7. U.S. Capitol could have a fence again as a lame protest approaches
- It’s likely that there will be a protest held in Washington, D.C. after the organization “Look Ahead America” has requested a permit for up to 500 people to demonstrate. The protest would be the #JusticeForJ6 rally. The alarmists in the media are attempting to inflame the matter. U.S. Capitol police have requested a fence be put up around the U.S. Capitol, which will probably happen.
- The group is looking to show support for the people who were arrested during the riot at the U.S. Capitol, but a Capitol police department spokesperson has said “it is not unreasonable to plan for violent altercations with those associated with this demonstration,” adding the group has the ability “to attract domestic extremists” and they show “support for the insurrectionists.” This will be a bust all the way around, and everyone involved, in the event and the freakouts about it, will be embarrassed.
6. Training director at HPD being investigated for fundraising for Darby
- There was an email sent to all of the Huntsville Police Department trying to raise funds for convicted murderer and former police officer William Ben Darby. The email was sent by Lt. Tesla Hughes, a training director for HPD, detailing how people could buy T-shirts, sweatshirts and pullovers to support Darby. Hughes also testified for Darby at his sentencing hearing.
- The shirts are being sold by a former Pennsylvania police officer Lisa Mearkle, who shot an unarmed man who was fleeing during a traffic stop. Mearkle was later exonerated from murder charges. Mearkle said she thinks Darby was wrongfully convicted. According to Police Chief Mark McMurray, the email is being investigated, but is “unauthorized” and goes against policy. Darby shot and killed Jeffery Parker in 2018 within 11 seconds after entering the home and he was the third officer on the scene.
5. The Alabama Monument Preservation Act battles aren’t over
- The lawsuit over the removal of the Confederate monument outside of the Madison County Courthouse in downtown Huntsville was dismissed last week, but Attorney General Steve Marshall’s office has officially objected to the decision to dismiss the lawsuit.
- The state has said that there are still unanswered questions from Marshall and that the county couldn’t use funds from an anonymous third party to pay the $25,000 fine. Judge Claude Hundley, ⅠⅠⅠ has scheduled a hearing for Friday so the state can present its arguments.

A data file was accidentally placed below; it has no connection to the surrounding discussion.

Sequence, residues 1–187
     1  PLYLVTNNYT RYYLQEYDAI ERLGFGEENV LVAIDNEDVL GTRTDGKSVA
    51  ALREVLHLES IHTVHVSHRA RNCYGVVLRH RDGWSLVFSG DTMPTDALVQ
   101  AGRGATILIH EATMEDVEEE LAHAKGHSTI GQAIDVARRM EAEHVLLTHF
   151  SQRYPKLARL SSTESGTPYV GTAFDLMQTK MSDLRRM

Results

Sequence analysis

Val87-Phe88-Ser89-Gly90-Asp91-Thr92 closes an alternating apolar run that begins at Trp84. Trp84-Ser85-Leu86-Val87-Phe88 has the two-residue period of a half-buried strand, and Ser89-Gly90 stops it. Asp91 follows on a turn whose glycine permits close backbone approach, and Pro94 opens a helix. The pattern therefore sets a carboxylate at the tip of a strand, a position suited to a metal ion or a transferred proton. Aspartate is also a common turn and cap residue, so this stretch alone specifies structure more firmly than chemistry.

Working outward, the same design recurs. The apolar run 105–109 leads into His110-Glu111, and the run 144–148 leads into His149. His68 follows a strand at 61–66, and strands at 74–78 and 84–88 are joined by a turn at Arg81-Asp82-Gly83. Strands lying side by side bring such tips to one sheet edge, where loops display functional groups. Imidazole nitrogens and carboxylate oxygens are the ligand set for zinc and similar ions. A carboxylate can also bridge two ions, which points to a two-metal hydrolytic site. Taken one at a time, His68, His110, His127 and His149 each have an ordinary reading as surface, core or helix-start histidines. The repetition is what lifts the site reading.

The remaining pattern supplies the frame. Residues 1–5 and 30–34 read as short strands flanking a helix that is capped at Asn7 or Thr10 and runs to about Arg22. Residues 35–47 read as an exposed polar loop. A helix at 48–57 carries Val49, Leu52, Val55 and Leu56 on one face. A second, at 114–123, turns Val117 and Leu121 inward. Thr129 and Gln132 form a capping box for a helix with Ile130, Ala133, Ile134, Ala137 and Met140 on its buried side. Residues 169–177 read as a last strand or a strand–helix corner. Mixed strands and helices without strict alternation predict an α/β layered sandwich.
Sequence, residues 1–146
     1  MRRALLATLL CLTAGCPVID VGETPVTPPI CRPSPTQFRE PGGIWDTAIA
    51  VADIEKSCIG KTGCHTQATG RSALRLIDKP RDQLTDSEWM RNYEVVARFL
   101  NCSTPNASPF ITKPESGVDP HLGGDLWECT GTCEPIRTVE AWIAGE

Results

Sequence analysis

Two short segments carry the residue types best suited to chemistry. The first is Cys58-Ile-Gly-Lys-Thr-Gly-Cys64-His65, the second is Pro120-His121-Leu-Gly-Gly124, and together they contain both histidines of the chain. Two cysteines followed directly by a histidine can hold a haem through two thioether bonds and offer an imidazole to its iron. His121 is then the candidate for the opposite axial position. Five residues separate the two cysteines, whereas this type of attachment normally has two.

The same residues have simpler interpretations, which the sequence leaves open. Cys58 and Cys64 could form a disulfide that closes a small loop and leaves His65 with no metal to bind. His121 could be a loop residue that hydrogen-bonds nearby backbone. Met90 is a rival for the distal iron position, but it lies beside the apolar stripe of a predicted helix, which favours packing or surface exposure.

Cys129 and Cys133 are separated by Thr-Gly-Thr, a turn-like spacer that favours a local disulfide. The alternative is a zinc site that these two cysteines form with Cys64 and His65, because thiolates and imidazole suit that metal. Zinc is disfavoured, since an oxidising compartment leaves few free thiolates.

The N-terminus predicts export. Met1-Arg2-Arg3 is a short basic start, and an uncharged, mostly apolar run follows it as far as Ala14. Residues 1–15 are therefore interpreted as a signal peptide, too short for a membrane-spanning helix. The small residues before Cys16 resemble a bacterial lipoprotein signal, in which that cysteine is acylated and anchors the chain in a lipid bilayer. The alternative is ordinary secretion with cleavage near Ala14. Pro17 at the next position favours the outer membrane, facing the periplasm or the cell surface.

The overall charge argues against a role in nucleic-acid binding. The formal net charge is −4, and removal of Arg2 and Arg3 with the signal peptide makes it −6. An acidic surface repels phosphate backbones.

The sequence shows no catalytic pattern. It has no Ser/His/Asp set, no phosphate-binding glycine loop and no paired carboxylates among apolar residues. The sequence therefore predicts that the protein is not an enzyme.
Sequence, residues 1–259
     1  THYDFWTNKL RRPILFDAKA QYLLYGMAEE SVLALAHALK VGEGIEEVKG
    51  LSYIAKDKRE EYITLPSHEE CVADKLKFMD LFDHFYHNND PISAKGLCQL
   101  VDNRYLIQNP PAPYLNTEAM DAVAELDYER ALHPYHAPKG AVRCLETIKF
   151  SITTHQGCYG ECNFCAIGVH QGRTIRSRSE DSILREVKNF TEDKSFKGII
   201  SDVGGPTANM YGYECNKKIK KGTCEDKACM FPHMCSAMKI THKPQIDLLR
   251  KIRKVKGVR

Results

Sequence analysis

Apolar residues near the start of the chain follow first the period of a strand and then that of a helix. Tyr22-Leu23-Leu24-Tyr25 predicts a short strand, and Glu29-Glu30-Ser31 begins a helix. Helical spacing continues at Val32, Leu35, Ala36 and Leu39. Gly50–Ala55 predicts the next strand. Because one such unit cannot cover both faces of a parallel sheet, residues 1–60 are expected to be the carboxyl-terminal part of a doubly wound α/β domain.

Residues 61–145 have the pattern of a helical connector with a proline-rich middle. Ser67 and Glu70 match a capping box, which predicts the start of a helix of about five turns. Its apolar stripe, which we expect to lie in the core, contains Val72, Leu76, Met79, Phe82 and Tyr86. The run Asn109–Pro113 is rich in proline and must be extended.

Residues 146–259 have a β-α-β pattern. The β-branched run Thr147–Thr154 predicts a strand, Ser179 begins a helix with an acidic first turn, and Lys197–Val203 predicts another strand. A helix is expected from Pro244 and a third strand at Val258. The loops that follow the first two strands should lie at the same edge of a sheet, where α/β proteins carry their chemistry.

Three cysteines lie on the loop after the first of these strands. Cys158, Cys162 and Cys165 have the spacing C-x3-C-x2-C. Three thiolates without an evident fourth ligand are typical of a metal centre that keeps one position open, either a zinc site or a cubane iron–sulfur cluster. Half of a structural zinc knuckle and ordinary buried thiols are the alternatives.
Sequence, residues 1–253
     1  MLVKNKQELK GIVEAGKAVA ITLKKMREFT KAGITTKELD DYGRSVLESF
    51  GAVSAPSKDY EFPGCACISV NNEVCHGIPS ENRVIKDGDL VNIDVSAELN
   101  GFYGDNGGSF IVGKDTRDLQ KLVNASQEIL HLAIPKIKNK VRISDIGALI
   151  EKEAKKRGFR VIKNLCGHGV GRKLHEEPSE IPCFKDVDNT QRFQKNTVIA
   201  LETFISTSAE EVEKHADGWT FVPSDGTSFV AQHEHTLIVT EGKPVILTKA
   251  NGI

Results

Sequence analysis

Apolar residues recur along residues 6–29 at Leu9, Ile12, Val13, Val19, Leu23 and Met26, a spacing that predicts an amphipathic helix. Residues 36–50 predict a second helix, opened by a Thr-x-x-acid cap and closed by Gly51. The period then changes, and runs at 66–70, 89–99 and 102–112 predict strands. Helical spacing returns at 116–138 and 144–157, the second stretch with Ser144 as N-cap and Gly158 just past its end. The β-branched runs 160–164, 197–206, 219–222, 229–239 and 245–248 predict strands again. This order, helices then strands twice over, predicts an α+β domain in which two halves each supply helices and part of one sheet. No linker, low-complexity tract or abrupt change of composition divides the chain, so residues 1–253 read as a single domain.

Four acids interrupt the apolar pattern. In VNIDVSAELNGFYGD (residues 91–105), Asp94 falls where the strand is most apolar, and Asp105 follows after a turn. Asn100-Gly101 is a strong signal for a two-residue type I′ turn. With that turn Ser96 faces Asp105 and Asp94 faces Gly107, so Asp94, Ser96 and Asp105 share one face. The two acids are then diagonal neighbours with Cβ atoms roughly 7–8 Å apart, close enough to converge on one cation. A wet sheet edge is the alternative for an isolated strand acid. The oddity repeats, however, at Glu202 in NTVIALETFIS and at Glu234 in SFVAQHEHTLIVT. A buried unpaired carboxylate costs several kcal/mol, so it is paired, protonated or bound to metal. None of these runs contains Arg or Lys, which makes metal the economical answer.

4. The Taliban will let flights leave Kabul
- The number of Americans still left in Afghanistan continues to change depending on the day, but the Taliban has agreed to let some of them leave. Secretary of State Antony Blinken has confirmed that the reason for grounded planes in Kabul is that “as of now, the Taliban are not permitting the charter flights to depart.” The Taliban has said that “some of the passengers do not have the required documentation.”
- These are not the only folks stuck in the country. Officials could not say whether or not other Americans and allied nationals will be allowed to leave Mazar-i-Sharif after being stranded for days with their private charters being unable to leave as well.
3. Greg Reed: We need the ability to keep some people in prison
- State Senate President Pro-Tem Greg Reed (R-Jasper) recently discussed some of the issues in Alabama concerning building new prisons, and he’s bringing attention to the state being able to keep prisons from being too overcrowded so those who need to stay in prison can.
- Reed said that “number one, we’ve got to have a circumstance that allows bad people to stay in prison for the good of the people of the state of Alabama.” He also advised that the state needs to have a plan in place if the worst happens and the federal government takes control of the prison system.
2. Biden’s speech will call for more government action, it’s already happening
- With President Joe Biden preparing a major speech to announce a brand new six-part approach to dealing with the coronavirus, he is expected to announce requests for new vaccine mandates, and some are getting in on the act early.
- The Los Angeles Board of Education has become the first district in the nation that will require those vaccinations of children 12 and older, which follows the exposure of how teachers’ unions forced the CDC to change school reopening guidelines. The Department of Defense has taken their vaccine guidance a step further as well by announcing that all civilian employees will have to show proof of vaccination or be barred from DoD facilities.
1. Vaccine records still won’t be accessible by hospitals
- Attorney General Steve Marshall’s office has responded to complaints that the immunization database, ImmPRINT, has been used improperly by employers to confirm “compliance with the employer’s immunization requirement,” and it’s been confirmed that there was improper use of the information.
- Marshall’s office stated, “This privacy violation is unlawful,” arguing that the uses of ImmPRINT are very limited, and verifying compliance with a vaccine requirement is not one of them. The database is meant to be used to avoid giving someone a vaccine they have already received and few other medical purposes. It was not specified which employer had unlawfully accessed the information, but they have been warned that the activity could lead to criminal charges.